Another way we can challenge these attacks is to commit to collective organizing and resistance. When one is the victim of hateful social media posts, the recipient of a vile anonymous email, or the subject of a baseless parent complaint, it can be easy to retreat into individualism, to seek the shortest path to eliminate the headache. But these attacks are part of a coordinated campaign and our response needs to be equally coordinated. We encourage educators to work through their unions to track attacks on teachers — as well as through their professional organizations like the National Council for the Social Studies and the National Council of Teachers of English. Our organizations need to offer concrete support to those who are targeted, provide political education to members about their rights, and powerfully defend teachers’ ethical responsibility to teach the truth.
Both the National Education Association and the American Federation of Teachers have made important statements critical of the legislative attacks on racial justice teaching. AFT President Randi Weingarten denounced “culture warriors” who “are bullying teachers and trying to stop us from teaching students accurate history.” In July she said, “Mark my words: Our union will defend any member who gets in trouble for teaching honest history.” And at the NEA’s Representative Assembly this summer, delegates affirmed the union’s support for racial justice teaching and indicated that the NEA will “Join with Black Lives Matter at School and the Zinn Education Project to call for a rally this year on October 14 — George Floyd’s birthday — as a national day of action to teach lessons about structural racism and oppression.”
We recognize how demoralizing, scary, and destructive these attacks can be, particularly for educators already vulnerable in any number of ways: teachers of color, LGBTQ educators, early-career educators, and those working in states without strong unions. Overt resistance may not always be possible. That is why educators cannot wage this campaign of resistance on our own. We need parents, students, community groups, civil rights organizations, labor unions, and elected officials to join us in our defense of teaching the truth by testifying at school board meetings and state department of education hearings, writing letters to the editor and op-eds, and advocating to unseat the elected officials across the country who are the architects of these attacks.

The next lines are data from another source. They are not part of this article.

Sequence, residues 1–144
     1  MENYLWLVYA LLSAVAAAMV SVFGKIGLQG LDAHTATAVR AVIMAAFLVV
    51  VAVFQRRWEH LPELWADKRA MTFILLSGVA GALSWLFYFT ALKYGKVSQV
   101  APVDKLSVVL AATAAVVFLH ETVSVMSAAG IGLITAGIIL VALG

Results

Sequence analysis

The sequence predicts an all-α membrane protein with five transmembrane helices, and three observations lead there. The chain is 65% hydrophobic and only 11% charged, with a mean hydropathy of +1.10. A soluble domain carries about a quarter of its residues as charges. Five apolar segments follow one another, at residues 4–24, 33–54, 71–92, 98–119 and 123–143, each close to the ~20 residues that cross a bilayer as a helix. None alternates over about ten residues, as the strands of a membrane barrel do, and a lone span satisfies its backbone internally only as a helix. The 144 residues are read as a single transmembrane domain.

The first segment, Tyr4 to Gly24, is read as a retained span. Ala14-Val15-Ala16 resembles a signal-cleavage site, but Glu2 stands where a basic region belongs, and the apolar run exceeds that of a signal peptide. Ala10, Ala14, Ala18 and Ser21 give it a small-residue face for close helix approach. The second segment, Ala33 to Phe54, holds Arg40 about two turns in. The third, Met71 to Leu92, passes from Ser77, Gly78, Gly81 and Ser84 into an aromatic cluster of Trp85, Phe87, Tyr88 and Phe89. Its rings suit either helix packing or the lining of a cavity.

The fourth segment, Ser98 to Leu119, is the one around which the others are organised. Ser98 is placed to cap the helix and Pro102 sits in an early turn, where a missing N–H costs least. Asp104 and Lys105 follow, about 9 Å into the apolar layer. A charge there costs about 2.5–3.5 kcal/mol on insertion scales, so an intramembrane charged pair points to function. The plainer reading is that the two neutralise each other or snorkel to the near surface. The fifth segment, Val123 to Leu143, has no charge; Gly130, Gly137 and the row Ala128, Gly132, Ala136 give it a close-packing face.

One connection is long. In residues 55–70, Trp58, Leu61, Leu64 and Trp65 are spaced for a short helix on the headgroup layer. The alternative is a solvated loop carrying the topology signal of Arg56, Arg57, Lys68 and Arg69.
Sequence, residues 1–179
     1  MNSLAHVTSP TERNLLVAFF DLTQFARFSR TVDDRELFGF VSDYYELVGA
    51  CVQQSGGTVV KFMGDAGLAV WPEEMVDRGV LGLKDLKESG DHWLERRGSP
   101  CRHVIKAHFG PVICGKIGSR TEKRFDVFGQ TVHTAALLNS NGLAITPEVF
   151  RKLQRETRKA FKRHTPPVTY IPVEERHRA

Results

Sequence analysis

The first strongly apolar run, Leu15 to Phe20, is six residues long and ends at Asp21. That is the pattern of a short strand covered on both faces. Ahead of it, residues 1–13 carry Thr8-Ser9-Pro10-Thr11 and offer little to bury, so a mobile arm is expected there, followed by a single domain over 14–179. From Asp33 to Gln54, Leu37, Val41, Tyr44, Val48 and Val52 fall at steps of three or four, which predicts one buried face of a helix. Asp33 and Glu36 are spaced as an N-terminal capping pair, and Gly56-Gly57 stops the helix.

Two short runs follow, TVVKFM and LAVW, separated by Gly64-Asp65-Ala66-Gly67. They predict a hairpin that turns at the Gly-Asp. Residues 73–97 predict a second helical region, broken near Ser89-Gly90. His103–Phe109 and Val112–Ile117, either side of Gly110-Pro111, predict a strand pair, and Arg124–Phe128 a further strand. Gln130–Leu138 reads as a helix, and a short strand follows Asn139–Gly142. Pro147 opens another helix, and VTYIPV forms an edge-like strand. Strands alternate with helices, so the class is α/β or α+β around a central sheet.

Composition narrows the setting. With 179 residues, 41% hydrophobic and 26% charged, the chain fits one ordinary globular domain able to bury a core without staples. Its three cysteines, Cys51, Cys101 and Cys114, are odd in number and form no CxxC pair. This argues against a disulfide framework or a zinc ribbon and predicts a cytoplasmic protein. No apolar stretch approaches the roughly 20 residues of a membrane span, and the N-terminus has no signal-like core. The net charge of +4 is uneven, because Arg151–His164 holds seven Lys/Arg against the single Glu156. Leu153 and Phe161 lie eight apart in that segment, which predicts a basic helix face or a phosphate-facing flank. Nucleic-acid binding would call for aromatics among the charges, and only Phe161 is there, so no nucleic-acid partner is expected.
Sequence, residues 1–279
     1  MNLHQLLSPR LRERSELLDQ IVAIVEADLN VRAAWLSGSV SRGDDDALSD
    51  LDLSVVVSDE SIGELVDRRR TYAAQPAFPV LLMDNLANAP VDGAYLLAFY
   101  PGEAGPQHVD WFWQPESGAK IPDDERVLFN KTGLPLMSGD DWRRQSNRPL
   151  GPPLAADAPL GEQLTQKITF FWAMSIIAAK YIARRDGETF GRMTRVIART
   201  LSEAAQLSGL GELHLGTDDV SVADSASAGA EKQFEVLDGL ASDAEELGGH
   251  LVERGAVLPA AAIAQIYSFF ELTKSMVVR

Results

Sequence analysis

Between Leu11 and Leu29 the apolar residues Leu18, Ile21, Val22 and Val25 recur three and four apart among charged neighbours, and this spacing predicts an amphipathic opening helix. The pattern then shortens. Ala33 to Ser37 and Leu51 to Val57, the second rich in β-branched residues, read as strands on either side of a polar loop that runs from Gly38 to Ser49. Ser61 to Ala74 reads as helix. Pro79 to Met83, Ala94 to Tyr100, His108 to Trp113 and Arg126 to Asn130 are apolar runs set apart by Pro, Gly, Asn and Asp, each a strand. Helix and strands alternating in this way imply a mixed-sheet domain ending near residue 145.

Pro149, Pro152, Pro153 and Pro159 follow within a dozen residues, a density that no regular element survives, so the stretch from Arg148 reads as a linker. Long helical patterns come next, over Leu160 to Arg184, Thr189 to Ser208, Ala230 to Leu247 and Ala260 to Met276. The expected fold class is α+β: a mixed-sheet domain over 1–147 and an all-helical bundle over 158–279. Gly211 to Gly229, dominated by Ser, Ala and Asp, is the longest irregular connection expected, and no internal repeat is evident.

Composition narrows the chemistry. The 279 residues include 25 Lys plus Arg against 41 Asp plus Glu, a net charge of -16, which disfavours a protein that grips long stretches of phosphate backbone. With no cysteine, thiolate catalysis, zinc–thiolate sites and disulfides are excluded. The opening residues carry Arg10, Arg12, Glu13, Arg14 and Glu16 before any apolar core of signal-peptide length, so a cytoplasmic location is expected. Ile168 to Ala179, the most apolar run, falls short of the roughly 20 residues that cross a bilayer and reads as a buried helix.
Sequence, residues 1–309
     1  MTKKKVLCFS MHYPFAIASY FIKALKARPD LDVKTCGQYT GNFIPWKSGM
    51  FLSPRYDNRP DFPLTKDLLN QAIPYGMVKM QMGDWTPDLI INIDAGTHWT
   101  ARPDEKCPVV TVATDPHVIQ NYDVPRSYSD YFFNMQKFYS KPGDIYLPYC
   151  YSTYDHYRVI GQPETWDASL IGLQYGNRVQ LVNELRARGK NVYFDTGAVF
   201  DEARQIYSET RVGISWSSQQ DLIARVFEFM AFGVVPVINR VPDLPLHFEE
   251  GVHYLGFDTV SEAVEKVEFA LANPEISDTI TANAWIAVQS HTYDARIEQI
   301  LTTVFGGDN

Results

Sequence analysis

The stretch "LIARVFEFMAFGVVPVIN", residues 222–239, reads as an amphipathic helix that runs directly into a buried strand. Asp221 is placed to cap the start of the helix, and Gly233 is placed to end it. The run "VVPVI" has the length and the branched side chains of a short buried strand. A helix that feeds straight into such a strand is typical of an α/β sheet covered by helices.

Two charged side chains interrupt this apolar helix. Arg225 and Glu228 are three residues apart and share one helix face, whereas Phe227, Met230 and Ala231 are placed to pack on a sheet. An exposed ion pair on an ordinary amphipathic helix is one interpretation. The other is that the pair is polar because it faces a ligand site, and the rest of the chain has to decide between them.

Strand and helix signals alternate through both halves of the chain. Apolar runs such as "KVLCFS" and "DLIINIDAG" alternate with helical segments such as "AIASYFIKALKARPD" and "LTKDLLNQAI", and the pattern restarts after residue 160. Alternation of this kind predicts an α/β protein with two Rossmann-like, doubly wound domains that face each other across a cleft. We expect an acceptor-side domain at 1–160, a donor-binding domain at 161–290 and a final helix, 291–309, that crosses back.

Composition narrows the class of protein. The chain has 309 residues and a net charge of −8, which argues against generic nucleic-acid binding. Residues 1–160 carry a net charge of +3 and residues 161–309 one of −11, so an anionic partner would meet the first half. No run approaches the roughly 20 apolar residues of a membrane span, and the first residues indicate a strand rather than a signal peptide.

In 1964, James Baldwin delivered “A Talk to Teachers.” His opening paragraph, except for his references to the Soviet Union, could have been written today:
Let’s begin by saying that we are living through a very dangerous time. Everyone in this room is in one way or another aware of that. We are in a revolutionary situation, no matter how unpopular that word has become in this country. The society in which we live is desperately menaced, not by Khrushchev, but from within. To any citizen of this country who figures himself as responsible — and particularly those of you who deal with the minds and hearts of young people — must be prepared to “go for broke.” Or to put it another way, you must understand that in the attempt to correct so many generations of bad faith and cruelty, when it is operating not only in the classroom but in society, you will meet the most fantastic, the most brutal, and the most determined resistance. There is no point in pretending that this won’t happen.
We do not pretend that teaching for justice is easy or will not invite “the most determined resistance.” We affirm that it is critical and righteous work. And that by doing this work, we join an esteemed collective of educators, past and present, who went for broke teaching children that, to paraphrase Eduardo Galeano, tomorrow can be more than just another name for today.